Principles and Applications of EnviromagneticsBy
- Mark Evans
- Friedrich Heller
Magnetism is important in environmental studies for several reasons, the two most fundamental being that most substances exhibit some form of magnetic behavior, and that iron is one of the most common elements in the Earth's crust. Once sequestered in a suitable material, magnetic particles constitute a natural archive of conditions existing in former times. Magnetism provides a tracer of paleo-climatic and paleo-environmental conditions and processes.Environmental Magnetism details the occurrence and uses of magnetic materials in the natural environment. The first half of the volume describes the basic principles. The second half discusses the applications of magnetic measurements in various environmental settings on land, in lakes, in the ocean, and even various biological organisms.
An indispensable reference work for undergraduates, researchers, lecturers, and professionals in geomagnetism, geology, pedology, archeology, oceanography, climatology, and earth system science.
Hardbound, 299 Pages
Published: April 2003
Imprint: Academic Press
"Evans and Heller's latest text book constitutes a welcome update to the 1986 monograph: it is also the first major work on the subject in focus to be co-authored by people based on opposite sides of the Atlantic, which has resulted in a well-balanced, unbiased variety of examples and an extensive reference list." -Ian F. Snowball, Department of Geology, Lund University, in JOURNAL OF QUATERNARY SCIENCE, 2004 "For those active in environmental magnetic research, this book is a 'must-buy'. The authors should be congratulated for providing an excellent subject review in such an accessible, concise and well-presented fashion" --John Walden, University of St Andrews "Would make an excellent purchase for a departmental Library" --John Walden, University of St Andrews "The book provides a solid basis on which to construct an introductory course in the unfamiliar area of environmental magnetism...provides a rich source for selected material that may be used in other related courses. The book is a comprehensive collection of examples where the measurable properties of the magnetic minerals have been used to answer current questions." -Ronald Green, Fitzroy, Adelaide, SA, Australia for
The Leading Edge(May 2004)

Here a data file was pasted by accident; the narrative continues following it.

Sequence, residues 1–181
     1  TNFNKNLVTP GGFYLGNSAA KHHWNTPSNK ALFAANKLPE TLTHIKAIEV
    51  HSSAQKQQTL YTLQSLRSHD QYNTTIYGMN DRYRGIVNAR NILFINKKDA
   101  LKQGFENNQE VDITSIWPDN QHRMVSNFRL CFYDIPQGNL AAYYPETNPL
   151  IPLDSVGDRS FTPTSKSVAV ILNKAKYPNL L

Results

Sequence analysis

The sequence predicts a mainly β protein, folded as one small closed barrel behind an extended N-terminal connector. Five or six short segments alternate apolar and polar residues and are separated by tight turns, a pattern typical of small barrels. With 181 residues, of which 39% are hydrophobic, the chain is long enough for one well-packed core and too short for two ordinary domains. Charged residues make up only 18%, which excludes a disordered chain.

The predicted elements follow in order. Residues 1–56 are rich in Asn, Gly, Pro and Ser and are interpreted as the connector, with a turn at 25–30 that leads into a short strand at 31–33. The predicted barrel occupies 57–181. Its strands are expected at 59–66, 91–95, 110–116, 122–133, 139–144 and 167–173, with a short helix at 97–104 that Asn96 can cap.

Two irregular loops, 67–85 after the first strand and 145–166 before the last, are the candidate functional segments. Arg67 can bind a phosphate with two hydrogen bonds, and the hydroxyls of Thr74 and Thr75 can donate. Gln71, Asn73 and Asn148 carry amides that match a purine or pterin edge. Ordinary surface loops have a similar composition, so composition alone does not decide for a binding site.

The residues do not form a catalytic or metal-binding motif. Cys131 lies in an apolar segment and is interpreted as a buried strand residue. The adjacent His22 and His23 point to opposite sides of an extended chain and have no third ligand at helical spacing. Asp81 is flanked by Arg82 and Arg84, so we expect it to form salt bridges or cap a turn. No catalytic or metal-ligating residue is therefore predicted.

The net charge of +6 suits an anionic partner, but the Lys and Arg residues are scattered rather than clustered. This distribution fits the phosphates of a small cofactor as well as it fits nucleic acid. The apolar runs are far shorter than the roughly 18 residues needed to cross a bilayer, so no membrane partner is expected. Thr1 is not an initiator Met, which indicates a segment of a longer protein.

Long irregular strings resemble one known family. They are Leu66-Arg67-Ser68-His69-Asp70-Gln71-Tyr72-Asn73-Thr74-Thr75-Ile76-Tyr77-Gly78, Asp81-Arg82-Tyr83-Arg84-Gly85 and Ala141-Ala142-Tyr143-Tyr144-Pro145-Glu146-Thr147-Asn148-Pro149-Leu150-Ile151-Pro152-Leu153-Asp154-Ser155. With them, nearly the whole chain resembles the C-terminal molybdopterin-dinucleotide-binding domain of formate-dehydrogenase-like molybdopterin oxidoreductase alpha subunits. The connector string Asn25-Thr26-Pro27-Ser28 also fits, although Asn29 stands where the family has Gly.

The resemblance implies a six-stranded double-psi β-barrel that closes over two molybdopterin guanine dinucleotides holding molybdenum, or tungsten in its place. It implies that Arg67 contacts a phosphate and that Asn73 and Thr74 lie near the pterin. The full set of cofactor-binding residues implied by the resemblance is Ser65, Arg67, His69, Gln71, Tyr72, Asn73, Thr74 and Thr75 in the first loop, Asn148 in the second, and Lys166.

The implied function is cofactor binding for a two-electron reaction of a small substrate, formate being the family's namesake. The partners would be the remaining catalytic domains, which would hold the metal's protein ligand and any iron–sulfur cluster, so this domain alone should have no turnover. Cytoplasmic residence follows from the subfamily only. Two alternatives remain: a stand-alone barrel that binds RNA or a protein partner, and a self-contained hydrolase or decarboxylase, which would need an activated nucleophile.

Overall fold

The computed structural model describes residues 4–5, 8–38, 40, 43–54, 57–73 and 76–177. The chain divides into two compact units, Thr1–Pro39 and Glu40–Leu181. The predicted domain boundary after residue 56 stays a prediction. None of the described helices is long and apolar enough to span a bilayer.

- Table of ContentsPrefaceChapter 1 - Introduction 1.1 Prospectus 1.2 An example 1.3 Scope of the subjectChapter 2 - Basic Magnetism 2.1 Diamagnetism, paramagnetism, ferromagnetism 2.2 Magnetic susceptibility 2.3 Magnetic hysteresis 2.4 Grain-size effects 2.5 Summary of magnetic parameters and terminology2.6 Enviromagnetic parameters2.7 Magnetic units2.8 Putting it all togetherChapter 3 - Enviromagnetic Minerals 3.1 Introduction 3.2 Iron oxides 3.3 Iron oxyhydroxides 3.4 Iron sulphides 3.5 Iron carbonate 3.6 Some examples 3.7 Room-temperature biplotsChapter 4 - Measurement and Techniques 4.1 Introduction 4.2 Measurement of magnetic parameters 4.3 Magnetic parameters used in environmental studies 4.4 Magnetic parameters unmixedChapter 5 - Processes and Pathways 5.1 Introduction 5.2 Soils and paleosols 5.3 Marine sediments 5.4 Rivers and lakesChapter 6 - Time 6.1 Introduction 6.2 Temporal characteristics of the geomagnetic field 6.3 Oxygen isotope stratigraphy 6.4 Milankovitch cyclesChapter 7 - Magnetoclimatology and Past Global Change 7.1 Introduction 7.2 Loess 7.3 Lake sediments 7.4 Marine sedimentsChapter 8 - Mass Transport 8.1 Introduction 8.2 Dust flux and climate 8.3 Erosion and sediment yield 8.4 Permeating fluids 8.5 Oceanic and atmospheric circulationChapter 9 - Magnetism in the Biosphere 9.1 Introduction 9.2 Biomineralization 9.3 Bacterial magnetism 9.4 Other organismsChapter 10 - Magnetic Monitoring of Pollution 10.1 Introduction 10.2 Soil contamination 10.3 Rivers, lakes and harbours 10.4 Atmospheric contaminants 10.5 Roadside pollution 10.6 PneumomagnetismChapter 11 - Archaeological and Early Hominid Environments 11.1 Introduction 11.2 Archaeological soils 11.3 Archaeological magnetic prospection surveys 11.4 Economy, industry and art 11.5 Speleomagnetism 11.6 Hominid evolutionChapter 12 - Our Planetary Magnetic Environment 12.1 Introduction 12.2 The geomagnetic field 12.3 The magnetosphereAppendix 1ReferencesGlossary